They released Vin remarkably fast and Chris was there to greet him when Tanner stepped through the sliding, barred doors looking beyond disheveled. Ignoring the pointed glances from the jail staff that screamed “Traitor!” Chris focused on Vin and took his arm in their familiar forearm grip, setting his jaw at the weakness of Vin’s grasp. Thin, pale and alarmingly frail looking, Chris wasted no time or words and directed his friend to the parking lot.

“Let’s get you home,” Chris said lowly. He didn’t expect a reply.

Once out of the building, reporters appeared from nowhere and swarmed, firing questions, shoving mikes and blinding them with spotlights. Vin ducked his head and Chris kept close to his shoulder, pressing a hand against his friend's knobbed back to guide him. The crowed resisted parting, but with their prolonged silence, finally relented and the pair pushed their way to the truck.

With Vin safely inside, Chris made his way to the driver’s side using his glare to part the crowd like an ice cutter’s prow. They escaped without injury - mentally, though, Chris worked through many variations of disembowelment.

Vin’s dry chuckle diverted his mental rampage. “What?” he snapped.

“Thanks, Chris.”

Chris snorted. “Anytime, Vin.”

That was the extent of conversation, and all the pair needed. Vin immediately fell asleep and stayed that way until Chris parked at the ranch.

“You need to eat. Your neighbor supplied enchiladas.”

Vin smiled sadly. “She knows I like ‘em. I’m gonna see Peso first.” Vin pushed the truck door open and headed to the barn. In the adjoining pasture, Chris saw a blaze-striped, black head pop up from the group of horses and left the beast to comfort Vin for the time being.

The quiet of the afternoon turned dusky as evening encroached. Chris tossed the frozen enchiladas in the oven spent his time prepping additional food for the expected arrivals. Vin joined the effort after tending to Peso, showering and changing clothes, still looking like some kind of refugee’s ghost. They worked in silence, anticipating each other’s actions as usual, but Chris missed their mental connection. It was a lonely experience.

Ezra, JD and Nathan arrived together a little after six and after quiet greetings, opened beers and joined in after turning on the television for the hockey game. The announcer’s voice murmured lowly in the background. Finally, crunching gravel announced Buck and Josiah’s arrival.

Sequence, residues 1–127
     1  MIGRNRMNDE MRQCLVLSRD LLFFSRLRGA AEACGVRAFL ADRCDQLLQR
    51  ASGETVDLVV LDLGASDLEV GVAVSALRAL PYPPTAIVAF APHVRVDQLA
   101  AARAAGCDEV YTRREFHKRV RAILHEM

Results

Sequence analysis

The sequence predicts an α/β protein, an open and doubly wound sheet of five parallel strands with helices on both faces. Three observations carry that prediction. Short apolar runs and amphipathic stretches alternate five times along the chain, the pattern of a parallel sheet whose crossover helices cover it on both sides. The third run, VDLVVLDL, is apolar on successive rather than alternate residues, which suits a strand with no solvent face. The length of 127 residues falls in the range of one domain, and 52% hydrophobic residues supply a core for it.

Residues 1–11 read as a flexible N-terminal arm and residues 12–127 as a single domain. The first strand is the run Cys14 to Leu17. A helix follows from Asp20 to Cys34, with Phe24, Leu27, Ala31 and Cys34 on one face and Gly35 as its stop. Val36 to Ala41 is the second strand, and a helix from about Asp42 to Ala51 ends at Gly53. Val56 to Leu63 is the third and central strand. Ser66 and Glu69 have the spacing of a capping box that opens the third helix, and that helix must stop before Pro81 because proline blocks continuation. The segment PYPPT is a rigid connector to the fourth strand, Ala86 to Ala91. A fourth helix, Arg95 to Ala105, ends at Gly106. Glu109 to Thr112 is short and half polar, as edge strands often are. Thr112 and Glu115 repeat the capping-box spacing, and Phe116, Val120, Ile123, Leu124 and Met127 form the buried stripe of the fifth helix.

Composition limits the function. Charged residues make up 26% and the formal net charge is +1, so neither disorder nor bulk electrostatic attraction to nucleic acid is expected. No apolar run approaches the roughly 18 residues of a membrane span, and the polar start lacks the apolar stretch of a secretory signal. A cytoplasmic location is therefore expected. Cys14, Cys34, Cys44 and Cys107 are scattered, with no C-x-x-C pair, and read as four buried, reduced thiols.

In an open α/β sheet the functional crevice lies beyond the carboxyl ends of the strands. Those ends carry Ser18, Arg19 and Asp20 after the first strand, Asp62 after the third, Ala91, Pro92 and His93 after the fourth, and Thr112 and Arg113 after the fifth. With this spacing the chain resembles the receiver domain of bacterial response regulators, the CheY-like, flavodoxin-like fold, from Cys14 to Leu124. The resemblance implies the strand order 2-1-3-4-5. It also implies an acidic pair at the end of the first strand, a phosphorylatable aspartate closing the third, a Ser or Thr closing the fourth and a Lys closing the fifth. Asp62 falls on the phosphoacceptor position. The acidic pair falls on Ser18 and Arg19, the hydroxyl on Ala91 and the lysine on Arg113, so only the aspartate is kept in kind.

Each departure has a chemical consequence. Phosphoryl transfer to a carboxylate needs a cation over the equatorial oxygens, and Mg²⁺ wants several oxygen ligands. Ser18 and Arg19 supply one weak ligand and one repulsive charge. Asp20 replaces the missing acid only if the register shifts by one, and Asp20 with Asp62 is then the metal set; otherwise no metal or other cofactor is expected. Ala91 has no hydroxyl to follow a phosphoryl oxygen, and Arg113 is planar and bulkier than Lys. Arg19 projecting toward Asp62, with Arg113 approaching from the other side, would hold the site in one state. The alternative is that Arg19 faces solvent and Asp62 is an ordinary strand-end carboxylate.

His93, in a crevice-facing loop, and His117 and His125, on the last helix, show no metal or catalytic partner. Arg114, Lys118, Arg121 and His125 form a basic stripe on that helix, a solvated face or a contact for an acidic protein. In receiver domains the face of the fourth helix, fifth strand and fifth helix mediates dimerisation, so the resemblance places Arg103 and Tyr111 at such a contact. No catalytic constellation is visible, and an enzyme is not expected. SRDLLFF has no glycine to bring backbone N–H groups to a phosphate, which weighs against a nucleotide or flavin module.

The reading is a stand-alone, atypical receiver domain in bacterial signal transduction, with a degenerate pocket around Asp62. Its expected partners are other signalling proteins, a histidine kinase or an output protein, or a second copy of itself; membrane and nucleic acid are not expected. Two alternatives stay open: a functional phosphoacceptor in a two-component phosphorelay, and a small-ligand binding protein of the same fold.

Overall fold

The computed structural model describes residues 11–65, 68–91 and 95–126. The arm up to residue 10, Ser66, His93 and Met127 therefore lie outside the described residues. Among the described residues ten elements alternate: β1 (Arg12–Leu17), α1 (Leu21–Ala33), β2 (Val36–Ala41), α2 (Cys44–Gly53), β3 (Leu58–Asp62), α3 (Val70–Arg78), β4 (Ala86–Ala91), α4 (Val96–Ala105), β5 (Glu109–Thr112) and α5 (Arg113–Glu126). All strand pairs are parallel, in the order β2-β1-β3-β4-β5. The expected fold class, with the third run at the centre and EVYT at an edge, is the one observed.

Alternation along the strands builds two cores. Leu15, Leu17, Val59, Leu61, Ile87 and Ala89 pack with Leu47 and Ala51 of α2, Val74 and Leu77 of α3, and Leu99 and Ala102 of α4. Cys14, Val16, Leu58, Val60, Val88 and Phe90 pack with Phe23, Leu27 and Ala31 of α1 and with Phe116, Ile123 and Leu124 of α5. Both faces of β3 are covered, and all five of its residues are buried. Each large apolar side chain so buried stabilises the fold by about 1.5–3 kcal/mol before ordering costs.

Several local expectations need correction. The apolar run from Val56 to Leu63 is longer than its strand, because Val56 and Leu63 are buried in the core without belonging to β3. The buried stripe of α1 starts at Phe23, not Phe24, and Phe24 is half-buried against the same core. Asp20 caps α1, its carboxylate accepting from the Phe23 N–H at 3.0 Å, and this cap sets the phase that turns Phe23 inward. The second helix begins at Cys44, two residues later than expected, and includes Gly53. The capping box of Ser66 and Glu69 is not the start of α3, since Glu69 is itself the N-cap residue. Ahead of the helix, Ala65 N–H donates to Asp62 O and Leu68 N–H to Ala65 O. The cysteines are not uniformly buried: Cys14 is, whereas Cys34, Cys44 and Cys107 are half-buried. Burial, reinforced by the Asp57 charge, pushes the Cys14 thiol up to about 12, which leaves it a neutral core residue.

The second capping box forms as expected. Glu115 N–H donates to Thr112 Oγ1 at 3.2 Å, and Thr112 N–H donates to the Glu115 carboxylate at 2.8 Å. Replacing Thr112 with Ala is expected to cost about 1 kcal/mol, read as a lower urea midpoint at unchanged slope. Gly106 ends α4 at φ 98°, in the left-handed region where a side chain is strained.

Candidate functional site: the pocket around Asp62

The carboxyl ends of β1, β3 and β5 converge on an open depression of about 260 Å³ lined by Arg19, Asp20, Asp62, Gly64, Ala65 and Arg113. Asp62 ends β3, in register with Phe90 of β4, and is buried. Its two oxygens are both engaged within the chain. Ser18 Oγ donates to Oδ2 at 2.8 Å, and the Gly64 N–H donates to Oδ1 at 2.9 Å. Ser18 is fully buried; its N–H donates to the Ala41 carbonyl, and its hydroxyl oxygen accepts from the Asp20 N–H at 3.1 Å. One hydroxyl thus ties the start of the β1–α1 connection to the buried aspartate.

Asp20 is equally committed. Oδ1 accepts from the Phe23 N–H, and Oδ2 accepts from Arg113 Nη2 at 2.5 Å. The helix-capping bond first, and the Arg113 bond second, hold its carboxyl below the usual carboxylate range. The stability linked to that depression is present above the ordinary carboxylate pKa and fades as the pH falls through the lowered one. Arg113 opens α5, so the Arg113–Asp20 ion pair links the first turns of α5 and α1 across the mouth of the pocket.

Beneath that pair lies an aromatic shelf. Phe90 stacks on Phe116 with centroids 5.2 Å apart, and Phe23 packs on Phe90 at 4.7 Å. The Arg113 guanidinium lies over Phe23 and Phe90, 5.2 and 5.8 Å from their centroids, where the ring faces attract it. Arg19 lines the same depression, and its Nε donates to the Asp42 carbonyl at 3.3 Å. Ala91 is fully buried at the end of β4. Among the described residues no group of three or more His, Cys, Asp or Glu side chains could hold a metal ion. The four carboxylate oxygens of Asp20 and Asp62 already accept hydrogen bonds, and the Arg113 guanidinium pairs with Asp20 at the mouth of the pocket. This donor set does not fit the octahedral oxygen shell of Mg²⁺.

Chris looked to their faces when they entered without knocking. Josiah came in first, his face unreadable outside a tired smile. Buck’s eyes, though, told Chris a grim story when their gazes connected. With a nearly indiscernible shake of his head, Buck signaled that now was not the time to talk. Instead, he refocused on Vin, his expression coming alive with its usual joviality when they briefly man-hugged.

Meat was grilled, salad served and enchiladas dispersed in their usual, efficient manner, accented by hockey game banter and subdued cheers. Then, dishes were washed and stored, and fresh beers distributed before the matter of Vin's predicament was on the table.

“Well, we all know most of the evidence on hand and it looks pretty damning.” Josiah leveled an apologetic gaze on Vin.

“We know that,” JD interjected. “We need to find a way to present the second-shooter theory.”

Buck tipped his head as if readying to speak, but Chris stopped him with a glance. Instead, the team leader turned to Vin. “We need a list of snipers that could pinpoint a long distance shot that are in this area.”

Vin frowned. “How long are we talkin’, here?” JD pulled a paper from his pocket and unfolded it, then shoved it across the table to him. Vin’s eyes widened as he studied the diagram. “This is your theory? That someone shot from behind me?”

“It’s plausible,” Chris said. “But the list of that kind of shooter has to be short.”

“It is,” Vin agreed, calculating in his head as he fingered the drawing. “Well, there’s me and MacMillan. I heard of a couple guys on the P.D. Shelby Winter in Miami. Zac Sheldon in D.C.” Nathan jotted the names as Vin spoke. “There’s more, but I’ll have to think a bit.” He ran his hand tiredly through his hair.

Next to him, Chris warmed when he saw a spark of life in Vin’s eyes. “Okay, you do that.” He wanted to find out what Buck and Josiah found but from their initial expressions when they arrived, he knew it was not good. Chris debated bringing it up when JD beat him to the punch.